Raptor Birds of Prey Pictures
Raptor Birds of Prey Facts, Tips For Getting Great Raptor Birds of Prey Pictures and Raptor Birds of Prey Conservation.
Raptor Birds of Prey Facts:
Birds of prey, or raptors derived from the Latin word rapere meaning to seize or take by force, fall into two basic groups. Nocturnal raptors namely owls and diurnal (daytime) raptors such as hawks, harriers, eagles, falcons, kites, caracarus, vultures, ospreys and condors. They have exceptionally good vision, a sharp, hooked beak, and powerful feet with curved, sharp talons. They hunt for food primarily while in flight using their keen senses, especially vision. Most raptor birds of prey hunt primarily for vertebrates and they use their talons to latch on to their prey and their large powerful beaks for tearing away flesh. In most cases, the females are considerably larger than the males so if you are following a mated pair that’s an easy way to distinguish the male from the female. As a predator raptor birds of prey are often at the top of the food chain and with that distinction comes concern surrounding conservation issues.
Raptor Birds of Prey Photography – Tips For Getting Great Birds of Prey Pictures.
Raptor Birds of Prey Conservation:
From majestic Bald Eagles to tiny Elf Owls, raptors are nature’s most fascinating and powerful birds. As predators with wide ranging habitats and food sources, raptors also serve as a litmus test for the health of their ecosystems. To preserve a species such as the Everglade Kite or Spotted Owl is to ensure the survival of many other creatures. As stated above there are two basic groups of birds of prey however within each group there are many sub-species as is evidenced by the 176 sub-species of owls alone. This makes it next to impossible to cover all birds of prey conservation issues on this site that would require an entire book.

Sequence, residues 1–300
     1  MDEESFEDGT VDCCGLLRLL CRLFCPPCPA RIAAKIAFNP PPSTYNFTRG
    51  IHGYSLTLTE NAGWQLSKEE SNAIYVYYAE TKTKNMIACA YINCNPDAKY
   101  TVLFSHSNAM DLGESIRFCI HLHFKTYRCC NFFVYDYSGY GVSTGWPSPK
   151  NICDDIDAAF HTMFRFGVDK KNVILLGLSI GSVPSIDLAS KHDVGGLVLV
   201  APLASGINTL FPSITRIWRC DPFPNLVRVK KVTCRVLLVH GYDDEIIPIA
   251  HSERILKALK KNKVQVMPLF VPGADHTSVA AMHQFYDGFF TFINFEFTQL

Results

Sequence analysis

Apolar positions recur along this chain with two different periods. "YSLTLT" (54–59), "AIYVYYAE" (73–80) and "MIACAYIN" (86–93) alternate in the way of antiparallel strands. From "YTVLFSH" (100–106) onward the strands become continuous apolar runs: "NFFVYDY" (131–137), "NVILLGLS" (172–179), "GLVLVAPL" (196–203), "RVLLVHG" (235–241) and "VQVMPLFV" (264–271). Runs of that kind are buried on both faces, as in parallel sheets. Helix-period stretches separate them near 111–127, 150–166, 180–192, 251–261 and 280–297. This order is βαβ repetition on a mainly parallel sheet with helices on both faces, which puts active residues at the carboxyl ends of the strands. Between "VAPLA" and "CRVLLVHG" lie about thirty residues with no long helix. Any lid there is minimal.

Fortunately Ornithologists Noel and Helen Snyder have spent nearly fifty years studying and photographing birds of prey in their natural habitat and they have written just such a book. The result of decades of firsthand field studies combined with key biological and conservation studies by other experts, Raptors of North America presents a comprehensive and captivating account of our continent’s birds of prey. Readers will meet the nocturnal raptors, the owls, and the diurnal raptors: hawks, harriers, kites, falcons, eagles, ospreys, vultures, and condors and learn first hand what the conservation issues are surrounding these treasured resources. This book comes highly recommended as it was an editor’s choice of the Scientific American Book Club.
US Customers Can Buy Raptors of North America: Natural History and Conservation Here
CDN Customers Can Buy Raptors of North America: Natural History and Conservation Here